JOHN 6:63 The Spirit gives life; the flesh counts for nothing. The words I have spoken to you—they are full of the Spirit and life.

The spirit gives life. And God breathed his spirit into ‘man’ (Adam) in Genesis 2:7, which you quoted. But when Adam ‘ate’, his spirit was separated from God, that is, he lost his ‘source’ for/of life - his body didn’t, but ‘he’ did. Just as God said, he died the day he ate.

Adam passed on that now ‘separated spirit’ via his ‘seed’. Seed - singular, that is, there is only one ‘spirit’. A ‘spirit’ must have a ‘source’ - and ‘man’s’ source is Adam. We are all of his ‘seed’ - (unless reborn!). So a ‘human’ spirit has Adam as its source - where as an evil spirit has a totally different ‘source’.

Evil spirits only came onto the scene post flood. The result of the daughters of men via the sons of God. Angels. I appreciate that now I’m on ‘ground’ that many don’t stand on. (Different foundation!). But the ‘source’ of ‘spirit’ in the Nephilim is not fallen man (not Adam), but instead fallen (separated.)angel. Therefore not the same.

However if you don’t subscribe to the Genesis 6 ‘view’, hopefully you will receive other responses to consider.

Finally, to tie up a lose end I unthreaded, ‘spirits’ are all eternal. All spirits - However for ‘life’, a spirit needs to be ‘(re)united back to it’s source.

That is, there is a difference between ‘eternal’ and ‘eternal life’.

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  • Are you suggesting that there are sources of life other than God in these Nephilim? Even Angels are created beings who owe their existence to God.
    – Dottard
    Jan 15 at 11:08
  • I think he's suggesting that other spirits who may have originally come from God the father - after receiving spirit can then pass this onto other physical beings. That's what happened with the Nephilim. These fallen angels however had "corrupted" and "defiled" spirits. So rather then giving "life" as God's spirit does it brought corruption.
    – Marshall
    Jan 15 at 12:21
  • @Dottard No! There is no other source! As I said, they (the fallen angelic beings), like Adam, their spirit is separated from God - the result of unrighteousness. What I am saying is that evil (Nephilim) ‘spirits’ are not the same as ‘man’s’ (human) spirit.
    – Dave
    Jan 15 at 18:20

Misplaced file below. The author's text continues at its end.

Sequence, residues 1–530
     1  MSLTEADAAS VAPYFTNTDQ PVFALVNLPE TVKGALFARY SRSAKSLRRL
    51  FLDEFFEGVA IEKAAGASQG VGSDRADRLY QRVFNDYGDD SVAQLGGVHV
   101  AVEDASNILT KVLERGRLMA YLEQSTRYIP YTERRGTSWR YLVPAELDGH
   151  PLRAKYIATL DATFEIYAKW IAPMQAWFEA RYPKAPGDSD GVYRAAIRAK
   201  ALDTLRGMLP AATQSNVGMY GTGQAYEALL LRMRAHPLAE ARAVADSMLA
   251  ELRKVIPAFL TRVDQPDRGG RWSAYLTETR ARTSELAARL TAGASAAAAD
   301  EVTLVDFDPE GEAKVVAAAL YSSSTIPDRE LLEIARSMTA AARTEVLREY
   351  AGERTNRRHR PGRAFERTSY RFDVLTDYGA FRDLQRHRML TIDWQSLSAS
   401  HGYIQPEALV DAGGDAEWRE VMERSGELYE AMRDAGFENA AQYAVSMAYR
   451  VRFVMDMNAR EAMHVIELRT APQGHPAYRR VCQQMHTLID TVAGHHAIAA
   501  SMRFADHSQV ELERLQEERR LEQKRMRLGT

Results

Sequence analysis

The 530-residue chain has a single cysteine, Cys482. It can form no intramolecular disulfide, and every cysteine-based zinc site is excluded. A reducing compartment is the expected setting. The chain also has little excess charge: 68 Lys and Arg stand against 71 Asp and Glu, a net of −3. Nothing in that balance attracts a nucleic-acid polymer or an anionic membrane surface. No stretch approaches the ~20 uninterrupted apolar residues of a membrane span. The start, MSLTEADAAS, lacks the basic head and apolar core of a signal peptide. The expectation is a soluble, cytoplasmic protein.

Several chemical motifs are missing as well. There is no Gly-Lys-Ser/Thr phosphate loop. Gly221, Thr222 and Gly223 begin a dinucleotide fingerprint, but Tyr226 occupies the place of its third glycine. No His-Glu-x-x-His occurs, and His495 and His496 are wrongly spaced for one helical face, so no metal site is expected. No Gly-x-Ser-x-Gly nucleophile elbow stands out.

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The Bible does not indicate what spirits are made of.

Some words age poorly

Oxygen wasn't discovered until approx. 1604 (you'd think someone would have noticed it before then =) ). In the ancient world, there was no need to distinguish between the material in the air that is processed by our lungs and the entity that God supplied to make inanimate clay alive. One word (ruach in Hebrew, pneuma in Greek) was adequate to cover "that which gives life".

Lest we be tempted to think the ancients were silly for having only one word to cover this subject matter, it may be helpful to recall that the word "atom" literally means something that cannot be divided. This was a helpful way to refer to them 120 years ago, but it turns out it is possible to split atoms (I don't recommend trying this at home). What is meant by the word had to be changed over time as hitherto unknown details were discovered.

Nature vs. Composition

If the question of fundamental difference is one of nature, the answer is clearly yes. Cain & Abel were made of the same materials, but in nature they were of a very different bent. The differences in their nature are demonstrated by their choices.

If the question of fundamental difference is one of composition (what is it made of), the answer could be no. This is probably inextricable from theology though - if demons, mortals, angels, etc. are all human (not going to try to argue for that here, just acknowledging this is an interpretation that exists), then all of them have a human spirit, but not all of them have a physical body.

Conclusion

The fact that this is an area of disagreement in Biblical interpretation underscores the fact that the various usages of "spirit" are not explicitly defined.

The Bible does not articulate a difference between the spirit of a human being and the spirit of a disembodied evil spirit. This is logically compatible with either of these possibilities:

a) They are different but the Bible doesn't talk about this

b) They are fundamentally the same (in composition)


My own views are described here